Tag Archives: consumption

Two Compelling Thanksgiving Questions

I was asked two questions this weekend that buoyed and deflated my spirits.

One person asked my family how much more we are willing to spend on organic foods. We are in the luxurious position of being financially able to spend up to twice or three times the price for organics. This helps because we don’t shop at price-inflated, expensive supermarkets that typically employ false advertising to promote socially responsible eating.

This question demonstrates a rich community fabric with people sharing how they engage in improving society. It made me happy.

The other question I got made me very unhappy. It was an exasperated question about why political parties release their platforms/policies more than a few months before an election, that is a foolish move to let people know what you stand for years before people can mark a ballot.

I was shocked, but considering the state of talk radio these days and the behaviour and communication content of politicians, it is not surprising that people have such low expectations of politicians.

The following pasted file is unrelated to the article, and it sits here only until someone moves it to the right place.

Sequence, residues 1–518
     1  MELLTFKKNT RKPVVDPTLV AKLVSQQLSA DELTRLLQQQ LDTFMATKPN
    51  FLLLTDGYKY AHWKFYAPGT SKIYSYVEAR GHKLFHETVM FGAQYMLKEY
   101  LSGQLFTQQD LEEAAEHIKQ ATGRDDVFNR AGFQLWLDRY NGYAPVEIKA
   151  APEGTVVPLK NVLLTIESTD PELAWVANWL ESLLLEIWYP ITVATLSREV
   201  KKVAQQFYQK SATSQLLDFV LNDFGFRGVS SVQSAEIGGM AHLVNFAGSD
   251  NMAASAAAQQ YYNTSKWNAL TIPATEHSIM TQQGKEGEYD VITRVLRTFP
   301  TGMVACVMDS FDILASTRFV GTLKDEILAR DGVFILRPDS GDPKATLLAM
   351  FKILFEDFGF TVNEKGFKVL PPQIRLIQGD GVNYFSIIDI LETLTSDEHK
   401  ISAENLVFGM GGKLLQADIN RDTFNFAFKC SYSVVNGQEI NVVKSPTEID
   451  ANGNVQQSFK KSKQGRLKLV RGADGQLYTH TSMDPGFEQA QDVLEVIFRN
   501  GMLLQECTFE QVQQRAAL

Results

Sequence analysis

The idea is that if a party tells people what they intend to do in power, they can be attacked.

That is an all too common approach for political parties. It’s so easy in a state of fear, or a crippling lack of self-assuredness, or an utter absence of political vision to just say nothing until you absolutely have to.

Political parties ought to be proud of their policies. They should triumph them at every opportunity. They should post them everywhere they can and constantly refer to them when speaking or writing anything.

After all, if their ideas are any good, shouldn’t they be able to champion them for years while they are confronted by the public and opposing parties? How good is an idea if you are afraid to share it or let it define your organization?

Ultimately, for democracy to function and for people who wish to join a political movement, how would anyone know what party to join if the party refuses to share its principles and policies. The terrible truth is that political parties sometimes expect members to join without knowing what they are joining.

This is absurd. And it is destroying the political fabric of society.